We made our way to the Pinnawala Elephant Orphanage today. Getting there was another adventure involving two local buses and a transfer at a random intersection.  But, I have to say, the people of Sri Lanka are absolutely amazing.  If we look even slightly lost, someone will stop and ask us if we need help.  So, after we got to the Kandy bus station, someone pretty much immediately directed us to another bus station 200 meters down the road.  And, after we got to the second bus station, someone pretty much immediately directed us to a third bus station across the street.  And, on each and every bus, the conductor made sure we got off where we were supposed to get off and pointed the way to the next bus.  So, all-in-all, getting to the orphanage by bus was pretty easy.

The Pinnawala Elephant Orphanage has been around since 1975 and was originally formed to care for orphaned elephants.  However, now they engage in elephant breeding and — at least according to wiki — have the largest herd in captivity anywhere in the world.

In all honesty, we weren’t sure if we should go to the orphanage.  One the one hand:  ELEPHANTS!!!!.  On the other hand:  you never know if the animals are mistreated.  But, the primary complaint we read about was that the animals get a bit too much human interaction.  (A fair criticism, given they sell tickets to feed the babies and given touts stand around selling fruit to feed the elephants while they are bathing).  Since the elephants are not released back into the wild, that didn’t seem like such a huge deal to us.  But, others may feel differently.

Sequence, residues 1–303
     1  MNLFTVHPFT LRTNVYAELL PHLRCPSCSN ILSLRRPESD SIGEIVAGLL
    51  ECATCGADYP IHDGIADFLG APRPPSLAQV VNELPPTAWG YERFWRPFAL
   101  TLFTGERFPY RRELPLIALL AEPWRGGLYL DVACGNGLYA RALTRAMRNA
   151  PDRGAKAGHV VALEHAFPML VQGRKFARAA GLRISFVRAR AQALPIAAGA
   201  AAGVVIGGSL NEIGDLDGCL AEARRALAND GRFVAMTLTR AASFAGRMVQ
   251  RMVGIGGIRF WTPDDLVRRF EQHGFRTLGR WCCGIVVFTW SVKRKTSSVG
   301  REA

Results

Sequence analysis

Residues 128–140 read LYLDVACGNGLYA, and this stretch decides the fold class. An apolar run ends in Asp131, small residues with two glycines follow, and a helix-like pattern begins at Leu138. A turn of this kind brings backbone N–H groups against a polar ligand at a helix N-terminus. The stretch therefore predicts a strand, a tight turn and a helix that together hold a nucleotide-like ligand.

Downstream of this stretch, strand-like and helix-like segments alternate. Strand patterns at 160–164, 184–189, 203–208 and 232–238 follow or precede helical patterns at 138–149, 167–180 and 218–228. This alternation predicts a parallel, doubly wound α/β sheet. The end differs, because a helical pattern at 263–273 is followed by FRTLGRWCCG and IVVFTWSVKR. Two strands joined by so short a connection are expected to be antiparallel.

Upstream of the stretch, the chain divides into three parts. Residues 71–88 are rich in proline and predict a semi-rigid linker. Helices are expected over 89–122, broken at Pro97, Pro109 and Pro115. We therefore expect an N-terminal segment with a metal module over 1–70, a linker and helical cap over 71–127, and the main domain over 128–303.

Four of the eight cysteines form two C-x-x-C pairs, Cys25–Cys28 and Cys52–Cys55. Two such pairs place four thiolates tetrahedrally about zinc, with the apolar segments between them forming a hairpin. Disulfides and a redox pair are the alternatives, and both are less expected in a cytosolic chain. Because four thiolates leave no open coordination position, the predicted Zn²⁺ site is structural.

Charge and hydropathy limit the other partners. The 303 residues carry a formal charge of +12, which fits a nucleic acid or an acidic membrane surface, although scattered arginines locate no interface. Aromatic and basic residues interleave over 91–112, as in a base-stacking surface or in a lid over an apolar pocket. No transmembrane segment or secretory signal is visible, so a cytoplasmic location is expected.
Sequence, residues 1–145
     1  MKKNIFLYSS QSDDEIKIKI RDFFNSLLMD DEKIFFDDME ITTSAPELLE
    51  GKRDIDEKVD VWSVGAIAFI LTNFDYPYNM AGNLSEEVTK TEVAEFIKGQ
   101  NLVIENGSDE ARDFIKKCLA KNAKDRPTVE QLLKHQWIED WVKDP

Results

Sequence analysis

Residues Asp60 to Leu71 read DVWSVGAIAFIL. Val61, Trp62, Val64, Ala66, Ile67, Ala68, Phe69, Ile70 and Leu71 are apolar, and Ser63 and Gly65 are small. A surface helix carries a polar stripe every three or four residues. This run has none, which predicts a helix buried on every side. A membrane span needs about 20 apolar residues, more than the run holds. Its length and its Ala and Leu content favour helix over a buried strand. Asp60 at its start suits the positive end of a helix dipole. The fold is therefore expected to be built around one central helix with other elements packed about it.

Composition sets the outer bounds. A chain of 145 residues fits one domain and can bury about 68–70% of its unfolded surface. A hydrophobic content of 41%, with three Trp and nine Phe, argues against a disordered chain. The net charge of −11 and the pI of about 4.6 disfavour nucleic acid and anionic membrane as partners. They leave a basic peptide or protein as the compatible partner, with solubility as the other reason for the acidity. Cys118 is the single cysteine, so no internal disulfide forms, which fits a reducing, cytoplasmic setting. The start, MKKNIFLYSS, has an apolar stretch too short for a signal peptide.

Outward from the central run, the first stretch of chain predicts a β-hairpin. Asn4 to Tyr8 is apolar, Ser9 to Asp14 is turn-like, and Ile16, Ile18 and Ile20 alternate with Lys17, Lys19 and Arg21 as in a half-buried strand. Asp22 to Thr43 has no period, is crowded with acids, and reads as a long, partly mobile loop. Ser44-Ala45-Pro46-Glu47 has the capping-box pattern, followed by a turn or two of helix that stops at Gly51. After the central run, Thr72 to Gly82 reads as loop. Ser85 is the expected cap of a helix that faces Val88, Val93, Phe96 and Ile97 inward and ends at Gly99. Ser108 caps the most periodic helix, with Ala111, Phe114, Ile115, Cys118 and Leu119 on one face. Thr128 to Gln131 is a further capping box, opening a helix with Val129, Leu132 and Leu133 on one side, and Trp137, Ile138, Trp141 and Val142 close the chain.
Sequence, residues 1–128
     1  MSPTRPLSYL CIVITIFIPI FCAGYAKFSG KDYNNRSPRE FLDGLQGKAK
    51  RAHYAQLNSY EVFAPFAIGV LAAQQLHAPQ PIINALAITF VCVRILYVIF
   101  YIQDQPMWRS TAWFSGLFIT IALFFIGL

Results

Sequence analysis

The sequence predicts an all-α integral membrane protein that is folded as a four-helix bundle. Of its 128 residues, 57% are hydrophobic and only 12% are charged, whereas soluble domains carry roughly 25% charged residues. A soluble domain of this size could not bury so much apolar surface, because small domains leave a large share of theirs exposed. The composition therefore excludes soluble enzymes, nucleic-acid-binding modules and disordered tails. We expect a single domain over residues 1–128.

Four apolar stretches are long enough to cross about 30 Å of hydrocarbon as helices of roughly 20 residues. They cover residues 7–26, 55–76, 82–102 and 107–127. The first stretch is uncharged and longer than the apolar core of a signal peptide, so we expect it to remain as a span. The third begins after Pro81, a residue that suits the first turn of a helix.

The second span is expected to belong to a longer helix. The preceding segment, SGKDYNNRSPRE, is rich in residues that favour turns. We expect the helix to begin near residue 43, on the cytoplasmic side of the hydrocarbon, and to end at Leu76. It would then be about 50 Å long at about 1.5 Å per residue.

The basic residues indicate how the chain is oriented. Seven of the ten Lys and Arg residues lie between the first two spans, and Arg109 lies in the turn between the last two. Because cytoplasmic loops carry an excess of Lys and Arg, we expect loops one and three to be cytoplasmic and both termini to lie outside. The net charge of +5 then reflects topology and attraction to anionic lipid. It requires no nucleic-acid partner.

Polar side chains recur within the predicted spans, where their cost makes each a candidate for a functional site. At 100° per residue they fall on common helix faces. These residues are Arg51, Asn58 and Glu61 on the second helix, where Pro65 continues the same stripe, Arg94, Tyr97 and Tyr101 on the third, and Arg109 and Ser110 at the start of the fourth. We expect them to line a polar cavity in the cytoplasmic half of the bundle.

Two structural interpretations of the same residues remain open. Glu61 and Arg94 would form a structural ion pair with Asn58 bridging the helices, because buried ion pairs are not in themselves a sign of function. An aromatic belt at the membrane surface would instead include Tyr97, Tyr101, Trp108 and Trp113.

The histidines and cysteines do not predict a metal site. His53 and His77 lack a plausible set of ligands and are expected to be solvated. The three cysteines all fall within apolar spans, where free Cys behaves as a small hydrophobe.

It turned out to be an absolutely amazing day.  The animals walk down to the river twice a day for bath time, and we managed to see both bath times.  The vast majority of the elephants are free to roam about the river, although a few were chained up.  (Not sure why.  Some looked like they might not be the most docile of elephants, while others were just babies).  The elephants really seemed to enjoy their time in the river and we saw plenty of elephants rolling around in the water and rolling around in the dirt.  Before both river trips, guests can bottle feed some of the babies.  And, guests can also walk around the fields where the elephants are kept when they are not in the river.  There is no riding of the elephants.  With one disappointing exception involving a particularly rambunctious baby, the mahouts seemed to treat the elephants very well.  And, they will take some great photos of you with the elephants (for tips, of course).

We ended up taking over 1000 photos.  Here are some of our favorites.





About theschneiduks

Lisa has a degree in biology and another in law and has spent the last 20 years working as a patent litigator. She is a voracious reader of young adult dystopian fiction and watches far too much bad tv. She loves pretty much anything to do with zombies, and doesn’t think there is anything weird about setting an alarm at 6 am on a weekend to stumble to a pub to watch her beloved Chelsea boys. Robert has had many professions, including a chef, a salesman, an IT guy and most recently, a stay at home dog dad. He speaks Italian and hopes to learn Spanish on this trip. He loves nothing more than a day spent sailing, hopes to do more scuba diving, and rues the day he introduced Lisa to football (i.e., soccer).
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